New technology could give small industries a new lease of life and help them be the backbone of the economy, according to experts.
"A marriage between new technology and small industries will ensure their sustainability and increase their contribution to the economy," said vice chair of National Planning Commission (NPC) Rabindra Kumar Shakya, during the 24th annual general meeting of the Federation of Nepalese Cottage and Small Industries (FNCSI) here, today. "Otherwise, development of small industries will always be under question," he added.
Cottage and small industries should not be a leisure activity, said chief secretary Leela Mani Poudyal, on the occasion, adding that it has to inject young blood with skills to further develop the sector. "They have to develop themselves and compete with multinational companies for its long-term sustainability," he added.
The central bank is mulling on how to provide easy access to loans for the development of the sector, said Nepal Rastra Bank (NRB) governor Dr Yubaraj Khatiwada. "Easy and affordable access to finance will help boost the sector."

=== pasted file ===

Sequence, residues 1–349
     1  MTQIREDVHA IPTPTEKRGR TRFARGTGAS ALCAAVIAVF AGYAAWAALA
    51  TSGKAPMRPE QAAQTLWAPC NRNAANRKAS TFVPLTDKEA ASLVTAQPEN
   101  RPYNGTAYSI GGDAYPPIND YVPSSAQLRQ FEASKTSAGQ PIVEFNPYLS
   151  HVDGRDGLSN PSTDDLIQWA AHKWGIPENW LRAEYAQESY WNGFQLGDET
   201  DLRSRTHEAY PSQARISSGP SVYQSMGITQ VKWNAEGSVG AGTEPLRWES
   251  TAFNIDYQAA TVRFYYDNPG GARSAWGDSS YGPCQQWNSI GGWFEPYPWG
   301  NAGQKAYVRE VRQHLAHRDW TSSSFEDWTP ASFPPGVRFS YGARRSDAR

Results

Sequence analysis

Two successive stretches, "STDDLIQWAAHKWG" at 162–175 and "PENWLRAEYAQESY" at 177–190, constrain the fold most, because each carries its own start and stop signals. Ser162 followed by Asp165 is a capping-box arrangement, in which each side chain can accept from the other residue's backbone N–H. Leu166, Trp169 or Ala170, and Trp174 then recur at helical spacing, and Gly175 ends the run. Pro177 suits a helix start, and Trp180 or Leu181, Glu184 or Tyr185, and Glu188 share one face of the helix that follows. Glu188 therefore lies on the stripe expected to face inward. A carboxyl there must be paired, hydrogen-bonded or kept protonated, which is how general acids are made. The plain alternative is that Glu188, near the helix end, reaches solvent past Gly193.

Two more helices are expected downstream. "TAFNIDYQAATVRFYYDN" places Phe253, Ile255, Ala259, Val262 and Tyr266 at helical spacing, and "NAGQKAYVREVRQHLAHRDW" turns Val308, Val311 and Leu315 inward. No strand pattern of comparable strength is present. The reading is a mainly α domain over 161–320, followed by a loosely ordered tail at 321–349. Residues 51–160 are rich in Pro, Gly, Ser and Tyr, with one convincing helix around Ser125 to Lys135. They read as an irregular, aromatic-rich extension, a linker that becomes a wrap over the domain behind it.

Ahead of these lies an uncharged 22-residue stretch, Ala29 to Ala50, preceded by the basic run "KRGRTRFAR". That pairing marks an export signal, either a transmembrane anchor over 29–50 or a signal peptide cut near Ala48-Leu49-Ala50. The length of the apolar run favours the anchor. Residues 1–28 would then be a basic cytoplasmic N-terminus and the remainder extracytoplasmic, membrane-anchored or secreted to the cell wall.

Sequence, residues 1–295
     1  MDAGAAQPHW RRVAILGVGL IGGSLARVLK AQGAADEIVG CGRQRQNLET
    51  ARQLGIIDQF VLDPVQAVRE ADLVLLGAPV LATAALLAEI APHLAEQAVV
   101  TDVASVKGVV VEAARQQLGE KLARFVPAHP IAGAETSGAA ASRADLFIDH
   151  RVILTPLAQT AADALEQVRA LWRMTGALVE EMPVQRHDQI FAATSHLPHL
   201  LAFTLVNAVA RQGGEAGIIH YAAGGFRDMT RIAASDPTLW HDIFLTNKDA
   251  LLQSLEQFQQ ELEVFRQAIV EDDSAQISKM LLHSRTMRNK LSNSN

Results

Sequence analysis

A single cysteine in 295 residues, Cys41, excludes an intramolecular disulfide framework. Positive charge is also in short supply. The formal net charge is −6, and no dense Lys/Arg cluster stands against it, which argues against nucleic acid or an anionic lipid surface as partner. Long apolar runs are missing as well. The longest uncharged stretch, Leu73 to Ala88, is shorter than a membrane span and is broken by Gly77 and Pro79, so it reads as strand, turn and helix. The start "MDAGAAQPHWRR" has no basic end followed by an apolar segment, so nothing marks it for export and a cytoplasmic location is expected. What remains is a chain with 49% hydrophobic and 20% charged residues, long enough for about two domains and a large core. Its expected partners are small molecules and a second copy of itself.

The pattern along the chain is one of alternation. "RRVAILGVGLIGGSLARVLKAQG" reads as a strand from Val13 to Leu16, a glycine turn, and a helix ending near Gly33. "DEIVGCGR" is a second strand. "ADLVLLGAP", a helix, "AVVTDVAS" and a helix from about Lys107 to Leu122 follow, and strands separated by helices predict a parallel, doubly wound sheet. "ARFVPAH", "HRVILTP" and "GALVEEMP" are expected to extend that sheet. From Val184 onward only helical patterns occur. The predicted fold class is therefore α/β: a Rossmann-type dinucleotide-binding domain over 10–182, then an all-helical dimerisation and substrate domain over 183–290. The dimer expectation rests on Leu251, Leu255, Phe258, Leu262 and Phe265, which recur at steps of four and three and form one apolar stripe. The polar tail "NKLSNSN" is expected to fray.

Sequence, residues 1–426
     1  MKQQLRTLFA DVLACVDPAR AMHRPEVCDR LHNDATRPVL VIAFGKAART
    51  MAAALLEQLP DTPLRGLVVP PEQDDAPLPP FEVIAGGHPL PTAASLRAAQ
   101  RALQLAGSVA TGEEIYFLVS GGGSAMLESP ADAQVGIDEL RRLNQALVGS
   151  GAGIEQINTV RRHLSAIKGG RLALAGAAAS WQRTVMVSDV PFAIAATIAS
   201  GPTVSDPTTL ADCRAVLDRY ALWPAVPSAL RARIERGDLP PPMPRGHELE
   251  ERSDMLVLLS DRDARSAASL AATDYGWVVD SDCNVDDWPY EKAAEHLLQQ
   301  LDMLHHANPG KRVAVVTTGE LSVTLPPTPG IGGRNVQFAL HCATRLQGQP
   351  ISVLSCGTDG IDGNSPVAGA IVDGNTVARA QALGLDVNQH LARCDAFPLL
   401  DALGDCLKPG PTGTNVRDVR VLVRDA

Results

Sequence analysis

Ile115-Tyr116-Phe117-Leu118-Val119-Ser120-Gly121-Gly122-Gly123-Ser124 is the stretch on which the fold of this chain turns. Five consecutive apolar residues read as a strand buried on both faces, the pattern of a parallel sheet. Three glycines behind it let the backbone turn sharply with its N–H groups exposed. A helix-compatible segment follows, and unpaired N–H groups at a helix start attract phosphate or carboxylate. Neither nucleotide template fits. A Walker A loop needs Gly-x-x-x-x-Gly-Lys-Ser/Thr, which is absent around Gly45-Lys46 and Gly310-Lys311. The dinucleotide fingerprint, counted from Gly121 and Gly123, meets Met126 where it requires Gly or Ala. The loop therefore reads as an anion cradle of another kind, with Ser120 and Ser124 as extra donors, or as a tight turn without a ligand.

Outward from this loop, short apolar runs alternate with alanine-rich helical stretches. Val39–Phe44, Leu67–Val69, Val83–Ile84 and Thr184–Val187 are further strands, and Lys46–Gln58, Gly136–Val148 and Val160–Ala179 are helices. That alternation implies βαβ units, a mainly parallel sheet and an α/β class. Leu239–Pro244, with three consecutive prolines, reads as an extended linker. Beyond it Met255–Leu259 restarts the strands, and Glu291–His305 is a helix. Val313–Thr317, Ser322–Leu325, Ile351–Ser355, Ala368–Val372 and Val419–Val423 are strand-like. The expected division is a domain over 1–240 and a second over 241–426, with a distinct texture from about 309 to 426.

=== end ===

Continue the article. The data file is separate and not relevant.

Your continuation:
Once contributing around 11 per cent to the economy, the contribution of cottage and small industries has dropped to around 1.6 per cent at present, due to high operating costs, and lack of innovation, raw materials, skilled manpower and marketing chain.
The government is ready to help establish Handicraft Village, Gift House (Koseli Ghar) and industrial corridor, said finance minister Shankar Koirala, assuring entrepreneurs that the government will soon bring the Industrial Act through ordinance to help boost the sector.
"Though there was some confusion between the Finance Ministry and Ministry of Trade, the issue has been resolved," he said, adding that it will help in policy and procedural reforms. "The government is trying to create an investment friendly environment."
However, the private sector said that policy reforms alone cannot help develop the sector unless entrepreneurs feel secure. "Frequent attacks on entrepreneurs will demoralise the private sector rather than create an investment friendly environment."